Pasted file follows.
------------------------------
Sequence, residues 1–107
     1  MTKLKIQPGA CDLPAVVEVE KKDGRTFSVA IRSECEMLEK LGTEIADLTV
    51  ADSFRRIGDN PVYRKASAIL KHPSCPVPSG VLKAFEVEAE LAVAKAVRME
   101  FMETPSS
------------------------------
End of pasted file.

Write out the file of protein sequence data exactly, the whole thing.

Sequence, residues 1–107
     1  MTKLKIQPGA CDLPAVVEVE KKDGRTFSVA IRSECEMLEK LGTEIADLTV
    51  ADSFRRIGDN PVYRKASAIL KHPSCPVPSG VLKAFEVEAE LAVAKAVRME
   101  FMETPSS